29. Giancotti FG (2007) Targeting integrin beta4 for cancer and anti-angiogenic therapy. Trends Pharmacol Sci 28:506–511PubMedCrossRefGoogle Scholar
  30. Ginsberg MH, Partridge A, Shattil SJ (2005) Integrin regulation. Curr Opin Cell Biol 17:509–516PubMedCrossRefGoogle Scholar
  31. Gutheil JC, Campbell TN, Pierce PR, Watkins JD, Huse WD, Bodkin DJ, Cheresh DA (2000) Targeted antiangiogenic therapy for cancer using vitaxin: a humanized monoclonal antibody to the integrin aVb3. Clin Cancer Res 6:3056–3061PubMedGoogle Scholar
  32. Hamano Y, Kalluri R (2005) Tumstatin, the NC1 domain of alpha3 chain of type IV collagen, is an endogenous inhibitor of pathological angiogenesis and suppresses tumor growth. Biochem Biophys Res Commun 333:292–298PubMedCrossRefGoogle Scholar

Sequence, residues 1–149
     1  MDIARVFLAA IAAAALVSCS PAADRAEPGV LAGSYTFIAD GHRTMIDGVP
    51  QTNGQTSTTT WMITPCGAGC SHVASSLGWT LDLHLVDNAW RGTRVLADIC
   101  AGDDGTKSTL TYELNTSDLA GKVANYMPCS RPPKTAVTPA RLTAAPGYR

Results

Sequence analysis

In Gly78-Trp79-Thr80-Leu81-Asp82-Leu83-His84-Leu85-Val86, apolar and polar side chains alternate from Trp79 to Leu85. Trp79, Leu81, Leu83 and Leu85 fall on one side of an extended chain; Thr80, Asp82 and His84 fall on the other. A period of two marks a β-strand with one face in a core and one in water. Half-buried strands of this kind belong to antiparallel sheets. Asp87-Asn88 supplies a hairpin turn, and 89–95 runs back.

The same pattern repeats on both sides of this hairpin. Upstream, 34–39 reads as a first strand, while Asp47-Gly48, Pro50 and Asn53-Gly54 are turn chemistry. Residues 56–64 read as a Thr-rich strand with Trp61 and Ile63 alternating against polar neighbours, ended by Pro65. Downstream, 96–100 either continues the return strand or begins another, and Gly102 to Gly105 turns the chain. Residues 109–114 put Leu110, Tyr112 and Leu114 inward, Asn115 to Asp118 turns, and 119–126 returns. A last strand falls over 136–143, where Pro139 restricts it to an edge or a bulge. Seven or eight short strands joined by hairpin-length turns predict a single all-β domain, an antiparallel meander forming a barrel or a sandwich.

33. Hammes H, Brownlee M, Jonczyk A, Sutter A, Preissner K (1996) Subcutaneous injection of a cyclic peptide antagonist of vitronectin receptor-type integrins inhibits retinal neovascularization. Nat Med 2:529–533PubMedCrossRefGoogle Scholar
  34. Hansma AHG, Broxterman HJ, van der Horst I, Yuana Y, Boven E, Giaccone G, Pinedo HM, Hoekman K (2005) Recombinant human endostatin administered as a 28-day continuous intravenous infusion, followed by daily subcutaneous injections: a phase I and pharmacokinetic study in patients with advanced cancer. Ann Oncol 16: 1695–1701PubMedCrossRefGoogle Scholar
  35. Hasmim M, Vassalli G, Alghisi G, Bamat J, Ponsonnet L, Bieler G, Bonnard C, Paroz C, Oguey D, Rüegg C (2005) Expressed isolated integrin b1 subunit cytodomain induces endothelial cell death secondary to detachment. Thromb Haemost 94: 1060–1070PubMedGoogle Scholar